It’s a sobering line of reasoning, but Tony is a man of faith. He believes, as do I, that God has both the power and the desire to break into our lives, our world, and our churches with new possibilities--with what he calls “a holy interruption.” It is not our doing; it is the grace of God coming to us in tangible ways and invites our response.
For those blessed churches that are experiencing a season of vitality, Tony also provides insights on how to sustain positive momentum and to strategically manage growth. Sustained health, with positive momentum, is the goal for all our churches. Thus, I believe that Tony’s message will be of value to all.
We’ve chosen “Holy Interruption” as our theme for Diocesan Convention on Saturday, January 26th. My sabbatical was such an interruption, a time when I felt Christ ask me to rededicate my life to Him and His Kingdom and in service as your bishop. I felt him challenge me not to change course, but to be even bolder in efforts for congregational vitality and collaborative endeavors for the greater good.
At Convention, I will present a formal plan for a diocesan-wide strategic planning process, rooted in the particular contexts of each of our eight geographic regions. The Unstuck Church Group will help guide that process, which is why I request your presence on Friday night, whether or not you are a delegate to Convention. We’ll also have testimonies from EDOW churches that have begun applying some of the Unstuck Church’s insights in the past year. You are welcome to bring as many people from your congregation as you like. I ask that each congregation be represented by at least two people.
I am persuaded that the strategic planning process is the logical next step in all that we have worked toward together in the last seven years. Equally important, I believe that it will help us address some of the ways that we, as a diocese, are stuck. And it will help me and all in diocesan leadership be more fruitful and accountable in our daily efforts, as we work toward specific goals and objectives that together we will discern as being most faithful to Christ now.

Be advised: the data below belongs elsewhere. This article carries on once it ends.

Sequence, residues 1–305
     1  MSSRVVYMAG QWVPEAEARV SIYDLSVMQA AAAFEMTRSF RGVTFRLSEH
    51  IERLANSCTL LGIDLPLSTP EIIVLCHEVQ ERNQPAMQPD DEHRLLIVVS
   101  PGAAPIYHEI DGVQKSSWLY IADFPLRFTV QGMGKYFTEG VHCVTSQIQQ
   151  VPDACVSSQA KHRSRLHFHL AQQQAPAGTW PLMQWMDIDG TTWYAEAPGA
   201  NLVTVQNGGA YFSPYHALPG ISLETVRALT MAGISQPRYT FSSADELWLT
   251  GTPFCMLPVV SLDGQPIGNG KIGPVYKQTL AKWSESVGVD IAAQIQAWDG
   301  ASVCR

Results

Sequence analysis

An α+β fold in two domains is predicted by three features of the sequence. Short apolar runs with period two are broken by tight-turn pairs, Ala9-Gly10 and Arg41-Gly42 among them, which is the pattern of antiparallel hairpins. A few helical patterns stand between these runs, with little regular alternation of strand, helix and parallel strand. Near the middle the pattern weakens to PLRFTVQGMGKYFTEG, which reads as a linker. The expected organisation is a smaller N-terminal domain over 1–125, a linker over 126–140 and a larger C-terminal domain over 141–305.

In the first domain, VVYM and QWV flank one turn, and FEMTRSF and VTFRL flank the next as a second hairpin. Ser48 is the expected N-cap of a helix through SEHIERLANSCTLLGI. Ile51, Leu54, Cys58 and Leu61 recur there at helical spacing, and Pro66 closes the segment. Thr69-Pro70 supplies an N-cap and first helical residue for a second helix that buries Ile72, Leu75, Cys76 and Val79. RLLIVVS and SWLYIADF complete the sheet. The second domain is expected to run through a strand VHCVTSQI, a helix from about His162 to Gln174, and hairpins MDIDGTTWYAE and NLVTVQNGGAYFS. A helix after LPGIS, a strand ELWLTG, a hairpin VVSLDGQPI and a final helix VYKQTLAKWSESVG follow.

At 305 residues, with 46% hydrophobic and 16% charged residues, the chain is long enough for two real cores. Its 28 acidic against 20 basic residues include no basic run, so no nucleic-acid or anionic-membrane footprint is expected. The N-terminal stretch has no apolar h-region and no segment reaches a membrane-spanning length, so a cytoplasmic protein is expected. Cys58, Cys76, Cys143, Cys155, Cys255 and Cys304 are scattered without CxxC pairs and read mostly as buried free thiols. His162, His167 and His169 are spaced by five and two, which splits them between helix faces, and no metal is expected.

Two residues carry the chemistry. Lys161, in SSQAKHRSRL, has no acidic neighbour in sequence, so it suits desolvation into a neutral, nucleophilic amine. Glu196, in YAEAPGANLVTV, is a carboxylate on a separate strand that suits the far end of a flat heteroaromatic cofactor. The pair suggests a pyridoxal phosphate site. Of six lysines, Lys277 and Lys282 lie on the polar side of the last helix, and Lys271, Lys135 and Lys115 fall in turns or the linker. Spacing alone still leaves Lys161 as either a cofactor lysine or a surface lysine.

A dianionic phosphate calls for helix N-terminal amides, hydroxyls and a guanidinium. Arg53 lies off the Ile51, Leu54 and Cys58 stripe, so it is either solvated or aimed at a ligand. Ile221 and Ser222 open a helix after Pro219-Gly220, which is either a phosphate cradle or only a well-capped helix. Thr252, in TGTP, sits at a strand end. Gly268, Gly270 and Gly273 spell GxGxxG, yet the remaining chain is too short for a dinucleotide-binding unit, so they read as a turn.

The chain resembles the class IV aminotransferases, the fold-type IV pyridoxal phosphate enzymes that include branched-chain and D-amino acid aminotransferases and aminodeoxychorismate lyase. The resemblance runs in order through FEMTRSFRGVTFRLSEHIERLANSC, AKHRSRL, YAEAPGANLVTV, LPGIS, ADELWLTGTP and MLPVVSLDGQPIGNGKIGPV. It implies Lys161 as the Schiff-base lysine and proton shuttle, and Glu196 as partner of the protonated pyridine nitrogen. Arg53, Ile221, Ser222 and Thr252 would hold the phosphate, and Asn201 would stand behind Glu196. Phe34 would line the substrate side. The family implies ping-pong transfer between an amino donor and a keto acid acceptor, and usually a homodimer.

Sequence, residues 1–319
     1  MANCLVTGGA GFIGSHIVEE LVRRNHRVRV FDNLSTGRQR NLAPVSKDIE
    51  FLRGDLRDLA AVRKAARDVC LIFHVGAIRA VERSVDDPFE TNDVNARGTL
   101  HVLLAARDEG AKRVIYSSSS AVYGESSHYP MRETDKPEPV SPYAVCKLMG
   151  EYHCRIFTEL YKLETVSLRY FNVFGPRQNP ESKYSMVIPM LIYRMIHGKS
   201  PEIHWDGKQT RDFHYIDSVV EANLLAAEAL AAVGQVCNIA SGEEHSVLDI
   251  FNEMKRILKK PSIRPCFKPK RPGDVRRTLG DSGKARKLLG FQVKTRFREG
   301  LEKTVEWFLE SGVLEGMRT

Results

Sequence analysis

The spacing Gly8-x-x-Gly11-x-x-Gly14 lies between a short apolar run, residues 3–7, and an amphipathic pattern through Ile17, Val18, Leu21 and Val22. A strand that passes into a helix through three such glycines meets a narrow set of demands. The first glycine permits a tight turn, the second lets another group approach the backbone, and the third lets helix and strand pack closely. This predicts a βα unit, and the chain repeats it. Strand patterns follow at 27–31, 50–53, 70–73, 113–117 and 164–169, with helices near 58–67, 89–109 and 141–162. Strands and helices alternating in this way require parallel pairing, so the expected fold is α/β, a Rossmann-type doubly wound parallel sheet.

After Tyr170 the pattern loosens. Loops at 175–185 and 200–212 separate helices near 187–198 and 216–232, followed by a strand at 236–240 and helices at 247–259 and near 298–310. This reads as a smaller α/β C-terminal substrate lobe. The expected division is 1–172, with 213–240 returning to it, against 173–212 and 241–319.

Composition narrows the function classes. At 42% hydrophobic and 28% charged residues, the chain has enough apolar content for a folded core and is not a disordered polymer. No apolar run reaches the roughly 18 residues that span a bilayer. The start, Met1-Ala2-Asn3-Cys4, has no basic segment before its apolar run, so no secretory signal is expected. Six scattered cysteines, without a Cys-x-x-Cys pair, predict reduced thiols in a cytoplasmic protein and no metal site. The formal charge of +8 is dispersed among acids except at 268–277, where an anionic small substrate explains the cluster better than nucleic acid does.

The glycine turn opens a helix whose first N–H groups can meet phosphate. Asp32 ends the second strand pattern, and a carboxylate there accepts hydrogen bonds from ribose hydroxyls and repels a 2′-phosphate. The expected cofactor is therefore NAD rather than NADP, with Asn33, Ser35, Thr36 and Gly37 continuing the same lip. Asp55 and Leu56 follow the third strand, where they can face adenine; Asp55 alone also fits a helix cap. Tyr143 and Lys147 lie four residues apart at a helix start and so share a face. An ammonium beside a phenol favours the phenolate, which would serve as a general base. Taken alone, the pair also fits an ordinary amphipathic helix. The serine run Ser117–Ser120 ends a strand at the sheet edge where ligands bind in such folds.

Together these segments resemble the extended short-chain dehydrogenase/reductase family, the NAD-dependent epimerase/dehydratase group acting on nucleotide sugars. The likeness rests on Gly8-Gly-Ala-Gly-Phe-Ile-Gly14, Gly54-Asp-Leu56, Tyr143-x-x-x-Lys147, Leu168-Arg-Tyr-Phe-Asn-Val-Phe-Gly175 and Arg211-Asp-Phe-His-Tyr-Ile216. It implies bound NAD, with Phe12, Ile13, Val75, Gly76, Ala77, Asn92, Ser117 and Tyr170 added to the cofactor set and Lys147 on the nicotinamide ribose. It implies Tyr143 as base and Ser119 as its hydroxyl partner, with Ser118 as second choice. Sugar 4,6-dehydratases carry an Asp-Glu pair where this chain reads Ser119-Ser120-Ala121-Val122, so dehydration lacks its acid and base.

Friday night’s gathering will have some levity--good food, live music, and a chance to spend time with friends and colleagues. We have invited the award-winning Adrian Dunn & the Adrian Dunn Singers to minister to us through song.
For those traveling a good distance to attend Convention, we’ve reserved a block of hotel rooms nearby. We are also happy to match you with friendly members of the diocese that live close to the Cathedral who are glad to have overnight guests.
To register for the Friday night session: Register here
For overnight accommodations at the hotel: Please click here to register or call the Kimpton Hotel at (202) 337-9700 and indicate you are making a reservation in connection with Diocesan Convention to receive the group rate of $99.
If you would like to be matched to stay overnight with an EDOW household near the Cathedral please contact Cheryl Wilburn at email@example.com.
One final note to Clergy and Delegates, please remember to register for Convention.
I look forward to seeing you on January 25th.
Faithfully in Christ,
Bishop Mariann Edgar Budde
Bishop of Washington
January 06, 2019
Of this gospel I have become a servant according to the gift of God’s grace that was given to me by the working of his power. Although I am the very least of all the saints, this grace was given to me to bring to the Gentiles the news of the boundless riches of Christ and to make everyone see what is the plan of the mystery hidden for ages in God who created all things...
In the time of King Herod, after Jesus was born in Bethlehem of Judea, wise men from the East came to Jerusalem asking, “Where is the child who has been born king of the Jews? For we observed his star at its rising, and we have come to pay him homage.